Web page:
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Dram Shop Liability: Drunk Driver Accidents Against Bars and Other Businesses

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The following is a guest blog post by Joshua Howell, Attorney for King Crotts & Associates, Spartanburg SC. The views expressed are the opinions of the author and do not reflect those of the Law Office of Brett A. Podolsky.

In a nutshell, dram shop liability statutes create an avenue for a plaintiff to seek recovery from an establishment (bar, taverns, restaurant, etc…) that served alcohol to a patron, who then later caused a motor vehicle accident when driving.  The plaintiff in such a case is typically a passenger in the car, driver of another car, or an innocent bystander who happened to be involved in an accident.  Many times, the driver of the vehicle will have a low amount insurance policy or not have the personal assets to satisfy the judgments that result from a trial.  The dram shop liability statutes create another avenue for recovery against a party that showed poor judgment and oversight in serving alcohol.

The North Carolina law that controls the regulation of liquor sales allows an injured person to sue the establishment that sold the liquor if three factors are met:

1. The establishment was negligent when it sold or furnished beer, wine, liquor or another alcoholic beverage to an underage person or a person who was noticeably or visibly intoxicated;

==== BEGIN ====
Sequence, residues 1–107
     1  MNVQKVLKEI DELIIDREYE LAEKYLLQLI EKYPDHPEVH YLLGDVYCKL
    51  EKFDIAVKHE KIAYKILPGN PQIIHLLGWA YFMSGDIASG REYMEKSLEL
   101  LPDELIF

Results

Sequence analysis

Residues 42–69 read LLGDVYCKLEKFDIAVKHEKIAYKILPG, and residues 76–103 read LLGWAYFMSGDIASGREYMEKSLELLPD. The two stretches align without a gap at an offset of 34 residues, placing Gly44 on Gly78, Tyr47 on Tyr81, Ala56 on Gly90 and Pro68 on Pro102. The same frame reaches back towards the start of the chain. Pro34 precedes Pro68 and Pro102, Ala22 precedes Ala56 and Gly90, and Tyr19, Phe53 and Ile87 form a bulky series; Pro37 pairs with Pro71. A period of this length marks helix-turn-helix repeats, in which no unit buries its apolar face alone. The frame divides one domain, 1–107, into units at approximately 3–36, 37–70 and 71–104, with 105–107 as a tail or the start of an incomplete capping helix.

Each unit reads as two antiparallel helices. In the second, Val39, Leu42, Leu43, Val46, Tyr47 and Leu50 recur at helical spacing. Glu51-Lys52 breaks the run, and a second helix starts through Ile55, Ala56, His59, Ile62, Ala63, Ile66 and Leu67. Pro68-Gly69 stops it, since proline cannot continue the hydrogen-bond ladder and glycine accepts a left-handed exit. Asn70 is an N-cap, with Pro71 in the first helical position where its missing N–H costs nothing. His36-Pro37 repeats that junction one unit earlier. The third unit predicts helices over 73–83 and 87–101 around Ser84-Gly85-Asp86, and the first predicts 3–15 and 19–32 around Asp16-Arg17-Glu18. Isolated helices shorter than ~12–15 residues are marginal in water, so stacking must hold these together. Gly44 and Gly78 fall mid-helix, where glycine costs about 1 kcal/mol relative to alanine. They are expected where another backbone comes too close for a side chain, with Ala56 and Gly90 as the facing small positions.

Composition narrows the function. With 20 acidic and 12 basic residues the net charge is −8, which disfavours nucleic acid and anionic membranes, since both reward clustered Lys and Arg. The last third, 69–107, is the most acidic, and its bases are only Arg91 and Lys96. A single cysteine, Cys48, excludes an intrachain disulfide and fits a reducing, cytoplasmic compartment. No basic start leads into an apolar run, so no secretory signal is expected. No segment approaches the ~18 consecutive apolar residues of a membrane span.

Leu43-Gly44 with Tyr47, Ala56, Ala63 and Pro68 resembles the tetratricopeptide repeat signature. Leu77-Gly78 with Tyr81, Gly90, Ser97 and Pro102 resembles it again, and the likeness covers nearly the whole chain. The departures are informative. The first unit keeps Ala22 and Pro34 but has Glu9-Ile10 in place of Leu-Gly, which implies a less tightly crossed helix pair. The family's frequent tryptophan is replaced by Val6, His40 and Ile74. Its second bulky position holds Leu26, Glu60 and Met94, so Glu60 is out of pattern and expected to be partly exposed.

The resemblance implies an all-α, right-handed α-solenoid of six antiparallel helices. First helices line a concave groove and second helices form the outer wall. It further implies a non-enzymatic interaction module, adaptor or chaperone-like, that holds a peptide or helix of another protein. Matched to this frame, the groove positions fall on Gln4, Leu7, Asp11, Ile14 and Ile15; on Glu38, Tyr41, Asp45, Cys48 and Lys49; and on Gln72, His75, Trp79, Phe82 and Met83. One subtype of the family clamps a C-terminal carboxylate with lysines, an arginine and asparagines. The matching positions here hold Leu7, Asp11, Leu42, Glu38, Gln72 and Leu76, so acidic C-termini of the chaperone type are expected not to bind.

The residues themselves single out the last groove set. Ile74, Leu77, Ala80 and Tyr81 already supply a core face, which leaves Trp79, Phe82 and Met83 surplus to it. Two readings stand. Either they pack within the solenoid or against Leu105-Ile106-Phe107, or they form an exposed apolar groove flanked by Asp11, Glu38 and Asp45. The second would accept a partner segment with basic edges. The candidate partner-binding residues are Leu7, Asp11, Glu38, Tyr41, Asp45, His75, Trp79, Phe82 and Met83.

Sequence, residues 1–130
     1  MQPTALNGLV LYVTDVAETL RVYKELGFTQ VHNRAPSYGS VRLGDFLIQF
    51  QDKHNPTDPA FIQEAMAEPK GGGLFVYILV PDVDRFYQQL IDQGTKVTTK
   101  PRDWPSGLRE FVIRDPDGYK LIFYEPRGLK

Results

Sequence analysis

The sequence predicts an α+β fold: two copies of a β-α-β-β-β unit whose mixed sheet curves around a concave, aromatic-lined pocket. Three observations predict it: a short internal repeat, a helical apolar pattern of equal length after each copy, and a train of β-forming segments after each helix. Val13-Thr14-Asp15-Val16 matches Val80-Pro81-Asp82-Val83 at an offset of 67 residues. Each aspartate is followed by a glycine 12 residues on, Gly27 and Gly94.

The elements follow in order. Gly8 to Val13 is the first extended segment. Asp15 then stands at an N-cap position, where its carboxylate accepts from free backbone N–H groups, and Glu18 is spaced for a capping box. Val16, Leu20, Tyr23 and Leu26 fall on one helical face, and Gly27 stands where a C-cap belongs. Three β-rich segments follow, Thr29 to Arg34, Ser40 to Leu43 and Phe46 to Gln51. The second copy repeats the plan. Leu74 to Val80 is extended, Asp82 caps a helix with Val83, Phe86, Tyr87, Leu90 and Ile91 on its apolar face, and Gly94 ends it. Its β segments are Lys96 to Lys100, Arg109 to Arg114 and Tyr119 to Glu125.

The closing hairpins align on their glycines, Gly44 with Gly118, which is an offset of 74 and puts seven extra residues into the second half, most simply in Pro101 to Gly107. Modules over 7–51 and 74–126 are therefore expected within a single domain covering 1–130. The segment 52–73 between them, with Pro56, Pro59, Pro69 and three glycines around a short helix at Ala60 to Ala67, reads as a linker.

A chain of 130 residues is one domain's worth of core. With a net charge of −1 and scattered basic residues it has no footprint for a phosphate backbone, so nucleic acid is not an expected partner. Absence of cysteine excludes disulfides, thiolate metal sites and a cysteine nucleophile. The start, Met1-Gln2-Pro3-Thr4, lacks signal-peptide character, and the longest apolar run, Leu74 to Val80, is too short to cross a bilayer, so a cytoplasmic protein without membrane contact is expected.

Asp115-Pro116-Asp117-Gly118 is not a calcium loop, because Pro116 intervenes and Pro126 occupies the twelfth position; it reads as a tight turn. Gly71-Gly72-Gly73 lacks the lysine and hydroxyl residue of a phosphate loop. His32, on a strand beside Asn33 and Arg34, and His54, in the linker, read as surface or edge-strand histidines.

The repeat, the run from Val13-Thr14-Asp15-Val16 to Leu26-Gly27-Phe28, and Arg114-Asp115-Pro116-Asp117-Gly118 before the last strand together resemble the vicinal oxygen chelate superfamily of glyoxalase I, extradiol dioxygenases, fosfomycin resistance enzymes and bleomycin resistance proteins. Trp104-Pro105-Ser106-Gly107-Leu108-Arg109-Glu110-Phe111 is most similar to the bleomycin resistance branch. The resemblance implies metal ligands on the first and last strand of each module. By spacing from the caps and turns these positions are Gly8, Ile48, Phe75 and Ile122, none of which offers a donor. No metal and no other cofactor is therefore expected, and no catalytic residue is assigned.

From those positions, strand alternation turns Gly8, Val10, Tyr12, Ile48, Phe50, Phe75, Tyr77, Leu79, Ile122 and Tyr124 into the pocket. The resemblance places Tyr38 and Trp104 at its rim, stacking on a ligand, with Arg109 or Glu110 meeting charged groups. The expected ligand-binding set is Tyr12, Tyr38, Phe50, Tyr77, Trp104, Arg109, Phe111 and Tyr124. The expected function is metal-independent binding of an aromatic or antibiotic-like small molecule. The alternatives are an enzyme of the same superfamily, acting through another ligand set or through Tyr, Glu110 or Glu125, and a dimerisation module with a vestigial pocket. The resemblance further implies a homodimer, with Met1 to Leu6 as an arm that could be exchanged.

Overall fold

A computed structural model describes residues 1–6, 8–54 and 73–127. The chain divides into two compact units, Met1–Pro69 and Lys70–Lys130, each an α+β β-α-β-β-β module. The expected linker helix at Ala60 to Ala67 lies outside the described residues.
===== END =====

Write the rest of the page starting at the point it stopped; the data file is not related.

2. The unlawfully sold alcoholic beverages caused the person to become impaired; and

3. The impaired driver’s negligence was a proximate cause of the injury to the plaintiff.

The first requirement under this statute sets forth two classes of people: underage persons or persons who were “noticeably or visibly intoxicated.”   This statute is very helpful for individuals who have been injured in car accidents because it provides another potential defendant that they may bring a claim against to recover for their injuries.  A similar claim that can be brought is called social host liability.  Under this theory, an injured party may bring a claim based on a social host serving alcohol in a negligent manner.

Both of these claims are forms of torts under a negligence theory.  Like other tort claims, there are statutes of limitations that only allow these claims to be brought in a certain amount of time from the accident.  It is important for individuals who have been involved in accidents with drunk drivers to contact a personal injury attorney immediately so that their claim may be reviewed and the next steps can be determined.


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